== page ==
I have a page on my web site listing ideas for products. One I haven't put there yet, but that seems obvious, is a PDA with a camera and built in OCR software. Lots of PDA's have cameras that would be adequate for photographing a page of text. The high end ones have respectable processors, even if not up to current desktops and laptops. Think how convenient it would be if you could photograph a page, or part of a page, of a book, and have the PDA turn it into text.

Thursday, May 04, 2006

Politics as Humor

Mencken comments somewhere that Congress is worth its salary as a source of entertainment. Along similar lines, I was amused by the latest trivial twist in immigration rhetoric.

Someone brought out a Spanish language version of The Star Spangled Banner.

President Bush made the obligatory nationalist noises to the effect that it ought to be sung in English.

Someone offered evidence that Bush himself had, in the past, sung The Star Spangled Banner in Spanish, presumably as part of his efforts to woo hispanic voters.

At that point, I think the best thing the White House could say would be nothing at all.

Instead ...

White House spokesman Scott McClellan said the assertion did not ring true to him because, "The president speaks Spanish, but not that well."

Not only do we have a White House spokesman deprecating the abilities of his boss in order to defend against a charge of inconsistency, he is doing it in a fashion that no reasonable person will believe. I don't speak any Spanish at all. But given a little practice and a desire for Hispanic votes I could learn to sing the Star Spangled Banner in Spanish, especially with the help of other singers who did know the language.

At least, I could if I could sing. And they haven't yet denied that Bush can sing.

Wednesday, May 03, 2006

Why Mexico?

It appears that Mexico is about to legalize currently illegal drugs, ranging from marijuana to heroin, for individual possession and use although not for sale. While I am, of course, in favor of legalization–would want it carried further–I remain puzzled about why it is happening. Is Mexico suffering under a sudden attack of sanity or is there something about its current political situation that I am missing?

Tuesday, May 02, 2006

Wanted: Bad Economics

I have an idea for a book, although I'm not sure if I will write it. The title is "Bad Economics." To write it, I make a large collection of examples of economic errors--get rich quick schemes, news stories, political speeches, et. al. Then explain why they are wrong and in the process teach the relevant principles.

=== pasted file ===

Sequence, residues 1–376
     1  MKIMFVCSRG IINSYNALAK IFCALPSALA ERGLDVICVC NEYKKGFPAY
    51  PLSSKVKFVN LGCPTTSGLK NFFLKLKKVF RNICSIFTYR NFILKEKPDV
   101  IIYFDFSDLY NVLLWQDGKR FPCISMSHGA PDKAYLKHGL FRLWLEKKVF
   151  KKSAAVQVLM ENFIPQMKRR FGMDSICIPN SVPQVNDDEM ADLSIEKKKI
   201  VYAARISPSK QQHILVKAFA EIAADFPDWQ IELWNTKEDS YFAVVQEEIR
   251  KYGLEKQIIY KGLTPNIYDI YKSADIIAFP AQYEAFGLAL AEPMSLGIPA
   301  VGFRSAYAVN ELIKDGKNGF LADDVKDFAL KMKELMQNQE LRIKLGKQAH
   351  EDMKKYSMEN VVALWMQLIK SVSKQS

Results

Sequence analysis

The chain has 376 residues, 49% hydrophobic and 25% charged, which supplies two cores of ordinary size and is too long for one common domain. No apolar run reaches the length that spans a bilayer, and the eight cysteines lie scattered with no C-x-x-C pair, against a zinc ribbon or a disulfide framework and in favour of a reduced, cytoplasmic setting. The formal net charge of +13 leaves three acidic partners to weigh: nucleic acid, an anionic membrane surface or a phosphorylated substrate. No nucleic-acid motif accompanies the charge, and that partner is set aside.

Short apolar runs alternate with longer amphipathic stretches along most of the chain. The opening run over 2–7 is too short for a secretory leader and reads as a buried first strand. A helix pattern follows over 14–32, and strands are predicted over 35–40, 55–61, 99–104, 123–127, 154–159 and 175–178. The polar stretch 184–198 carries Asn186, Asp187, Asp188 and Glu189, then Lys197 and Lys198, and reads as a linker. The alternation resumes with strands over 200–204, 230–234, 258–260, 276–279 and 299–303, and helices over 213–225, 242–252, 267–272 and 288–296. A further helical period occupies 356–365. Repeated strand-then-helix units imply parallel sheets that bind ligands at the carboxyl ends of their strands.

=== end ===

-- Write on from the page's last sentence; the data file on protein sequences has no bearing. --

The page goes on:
Any opinions on whether it would work? If you like the idea, feel free to contribute examples of bad economics, either as comments to this post or as emails to me. And if you happen to find bits of good economics by non-economists with good economic intuition, send them in too--I'm thinking of a short bit at the end of each chapter labelled "Diamonds from the Dungheap."

Doing the Right Thing

Yesterday I was listening to a radio talk show host discuss immigration. He pointed out that a lot of illegal immigrants are hired by home owners to do casual labor. He then asked his listeners to imagine they had a grand piano to move, an illegal would do it for $40, and an American citizen, perhaps the kid next door, for $100. Would the listener save money by hiring the illegal or do the right thing by hiring the citizen?

My response, if I had been able to get through, would have been that I would have done the right thing—by hiring the illegal, who almost certainly has more need for the money than the kid next door.

Unless I missed it, the sole argument that the host offered for his unstated assumption that hiring the kid was obviously the right thing was that hiring the illegal immigrant was illegal. My response would be to ask the host if he ever drove faster than the speed limit and if he tasted wine or beer before he reached the legal drinking age. If his answer to both questions was "no," he is in a very small minority of Americans.

If it was "yes," as I expect it would have been, I would next have asked how he would defend himself against the charge of hypocrisy.

In the America I live in, despite political rhetoric to the contrary, most people believe in obeying laws selectively–ignoring the ones they think are foolish or wicked except when the risk of getting caught makes it more prudent to obey.

When I told the story to my wife, she offered another question to put to the host. It is 1855, the fugitive slave law is the law of the land. Do you help with the underground railway or do you do "the right thing" and turn in any escaped slaves who come your way?